Agri export boom must boost local food security

South Africa’s total agricultural exports reached a new record of $13.2 billion (R251bn) in 2023, up 3% from 2022. Our predominant agricultural exports were citrus, maize, apples, pears, nuts, wine, soybeans, sugar, wool, grapes, berries, avocados, and fruit juices, although the market underwent significant fluctuations. For example, fruit prices increased while grain prices declined. Our main export markets were other African countries, accounting for 38%, Asia (28%) and the European Union (19%).

Agricultural imports over the same period totalled around $7bn (R133bn), representing a healthy trade surplus of $6.2bn (R118bn). The surplus indicates the ongoing importance of agriculture to the national economy.

The export performance is remarkable, considering the serious energy and transport logistics issues affecting SA’s economy. If these issues could be resolved, export volumes will be considerably higher. In the meantime, the Departments of Trade, Industry and Competition and Agriculture, Land Reform and Rural Development have been collaborating with industry bodies to grow the export market. Recent meetings with Saudi Arabia, a major agricultural importer, were geared towards this growth.  


Food security risks


The commercial farming sector is achieving export growth under challenging macroeconomic conditions. However, the agricultural sector overall actually contracted in 2023 by more than 12%, due to increased input costs and lower volumes locally, as well as the commonly experienced seasonal constraints of weather and livestock diseases.

While export performance is commendable, the contraction of the sector puts pressure on smaller-scale farmers who are supplying food to local communities. It also puts upward pressure on food prices for a population already struggling with unemployment, load-shedding and other challenges. 


According to Stats SA, 10 million tonnes of food go to waste every year in South Africa


Another issue is that commercial farmers control and farm most of the available land, while small-scale subsistence farmers make up most of the participants in the sector. In addition to the pressure to maintain food security for South Africa’s population in a tough economy, both sectors are vulnerable to additional threats – especially climate change.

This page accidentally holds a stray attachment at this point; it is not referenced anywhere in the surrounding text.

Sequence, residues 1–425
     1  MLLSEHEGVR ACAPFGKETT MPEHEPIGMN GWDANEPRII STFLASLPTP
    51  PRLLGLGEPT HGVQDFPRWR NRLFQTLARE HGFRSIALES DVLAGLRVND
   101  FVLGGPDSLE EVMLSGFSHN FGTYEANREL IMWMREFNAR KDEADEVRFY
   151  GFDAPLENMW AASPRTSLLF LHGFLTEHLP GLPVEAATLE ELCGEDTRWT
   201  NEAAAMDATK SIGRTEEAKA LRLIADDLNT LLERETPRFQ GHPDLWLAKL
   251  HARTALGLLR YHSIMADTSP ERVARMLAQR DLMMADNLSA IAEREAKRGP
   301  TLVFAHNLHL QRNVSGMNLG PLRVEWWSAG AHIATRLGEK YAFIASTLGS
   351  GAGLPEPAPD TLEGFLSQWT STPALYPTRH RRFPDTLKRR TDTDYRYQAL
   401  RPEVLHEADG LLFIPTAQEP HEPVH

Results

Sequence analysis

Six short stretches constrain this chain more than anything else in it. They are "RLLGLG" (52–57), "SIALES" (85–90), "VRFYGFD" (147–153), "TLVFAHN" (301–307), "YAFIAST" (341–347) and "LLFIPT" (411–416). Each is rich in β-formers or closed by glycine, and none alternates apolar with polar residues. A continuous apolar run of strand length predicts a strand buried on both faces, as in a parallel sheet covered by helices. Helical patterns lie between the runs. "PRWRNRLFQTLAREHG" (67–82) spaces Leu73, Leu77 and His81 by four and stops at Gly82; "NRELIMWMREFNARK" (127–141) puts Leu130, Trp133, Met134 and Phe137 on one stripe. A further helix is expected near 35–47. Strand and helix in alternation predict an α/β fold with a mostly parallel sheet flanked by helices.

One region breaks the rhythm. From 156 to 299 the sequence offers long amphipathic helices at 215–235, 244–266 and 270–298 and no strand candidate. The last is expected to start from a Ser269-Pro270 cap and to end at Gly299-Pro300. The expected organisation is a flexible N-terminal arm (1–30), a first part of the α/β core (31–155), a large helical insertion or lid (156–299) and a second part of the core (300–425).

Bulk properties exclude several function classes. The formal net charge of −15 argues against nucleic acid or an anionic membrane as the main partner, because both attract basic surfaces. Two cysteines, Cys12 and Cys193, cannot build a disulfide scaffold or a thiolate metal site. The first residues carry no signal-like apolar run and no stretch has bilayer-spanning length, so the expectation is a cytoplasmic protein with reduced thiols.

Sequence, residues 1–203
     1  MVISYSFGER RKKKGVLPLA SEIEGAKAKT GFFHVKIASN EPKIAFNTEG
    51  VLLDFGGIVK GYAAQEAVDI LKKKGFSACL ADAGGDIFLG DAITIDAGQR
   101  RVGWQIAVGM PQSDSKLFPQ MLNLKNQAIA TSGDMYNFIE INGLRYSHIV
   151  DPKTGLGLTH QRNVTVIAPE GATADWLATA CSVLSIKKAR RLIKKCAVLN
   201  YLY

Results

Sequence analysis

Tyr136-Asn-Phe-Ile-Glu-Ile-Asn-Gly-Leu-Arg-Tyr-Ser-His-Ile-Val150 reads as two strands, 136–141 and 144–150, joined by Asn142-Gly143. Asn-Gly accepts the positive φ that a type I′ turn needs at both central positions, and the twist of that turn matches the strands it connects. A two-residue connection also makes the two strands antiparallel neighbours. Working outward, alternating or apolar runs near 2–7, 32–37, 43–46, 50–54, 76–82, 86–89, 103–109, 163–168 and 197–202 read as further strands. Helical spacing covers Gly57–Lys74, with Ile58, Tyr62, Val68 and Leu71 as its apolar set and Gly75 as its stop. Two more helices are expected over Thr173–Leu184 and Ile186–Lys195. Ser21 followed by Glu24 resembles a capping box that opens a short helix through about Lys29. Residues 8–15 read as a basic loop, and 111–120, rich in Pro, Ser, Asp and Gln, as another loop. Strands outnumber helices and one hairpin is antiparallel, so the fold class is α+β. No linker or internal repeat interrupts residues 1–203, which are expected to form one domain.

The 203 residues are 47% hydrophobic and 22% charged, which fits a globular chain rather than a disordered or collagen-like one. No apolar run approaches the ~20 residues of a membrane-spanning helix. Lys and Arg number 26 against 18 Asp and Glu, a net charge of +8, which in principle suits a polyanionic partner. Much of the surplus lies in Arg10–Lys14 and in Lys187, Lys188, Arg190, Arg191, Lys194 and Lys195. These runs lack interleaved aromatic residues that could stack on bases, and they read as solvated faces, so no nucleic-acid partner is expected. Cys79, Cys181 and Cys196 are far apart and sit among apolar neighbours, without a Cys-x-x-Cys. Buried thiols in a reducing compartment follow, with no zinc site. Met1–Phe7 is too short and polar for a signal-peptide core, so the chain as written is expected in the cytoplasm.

Commercial farmers


  • Produce around 80% of South Africa’s food, so are crucial to our national food security.
  • Are regionally and globally competitive, using a combination of technology and large-scale business practices to increase yields and maintain food security.


Small-scale farmers


  • Contribute significantly to household food security in their communities.
  • Face business and other challenges, including a lack of skills, insufficient capital and inadequate technology and mechanisation.
  • Experience knock-on effects of these challenges on not only food production, but also their ability to fight climate change and manage soil sustainably.

These risks to food production and security are also regional. With sub-Saharan Africa set to see some of the fastest population growth, producing 1 of the youngest populations in the world over the next 20 years, food security and provision will be vital. South Africa’s well-developed commercial farming sector can contribute to food security in the region significantly through increased exports, but the local economy puts domestic food security at risk through a lack of available employment and economic growth, coupled with rising food prices and inflation.  


Solutions for food security challenges


South Africa’s electricity crisis is a major threat to our food security. Load-shedding is not going away in the short term. For your farm to remain a viable agricultural operation, it is crucial that you invest in sustainable alternative power supply.

Solar, wind, and hydro energy systems are all becoming more viable and affordable, either to run your own small-scale farming operations, or on a commercial scale that will allow you to sell excess electricity back to the grid.

Smaller-scale farmers can also contribute to greater domestic food security by adopting the following:

  • Crop diversity
    This is one of the simplest, most cost-effective methods to ensure farming sustainability and resilience. Monocrops are especially vulnerable to changes in climate or soil, while mixed cropping can help repair the effects of over-farming and cut down on your need for irrigation and pesticides.

  • Advice
    You may not be able to invest in expensive technology, but you can consult advisory services that cater to your needs as a small-scale farmer to extend your crop and livestock knowledge. This education on sustainable farming practices might run counter to generations of tradition, but adopting modern agricultural practice is essential if you want to farm sustainably.

  • Crop-strain variety
    Cultivating different genetic strains of the same crop promotes the health, productivity, resilience, and nutritional value of the plants.

  • Reducing food waste
    According to Stats SA, 10 million tonnes of food go to waste every year in South Africa – a third of the 31 million tonnes that we produce annually. This wastage has a negative impact on the environment and food security. The more surplus food that can be recovered and redistributed across the food system, the better. It also improves the supply-side outlook for local producers.

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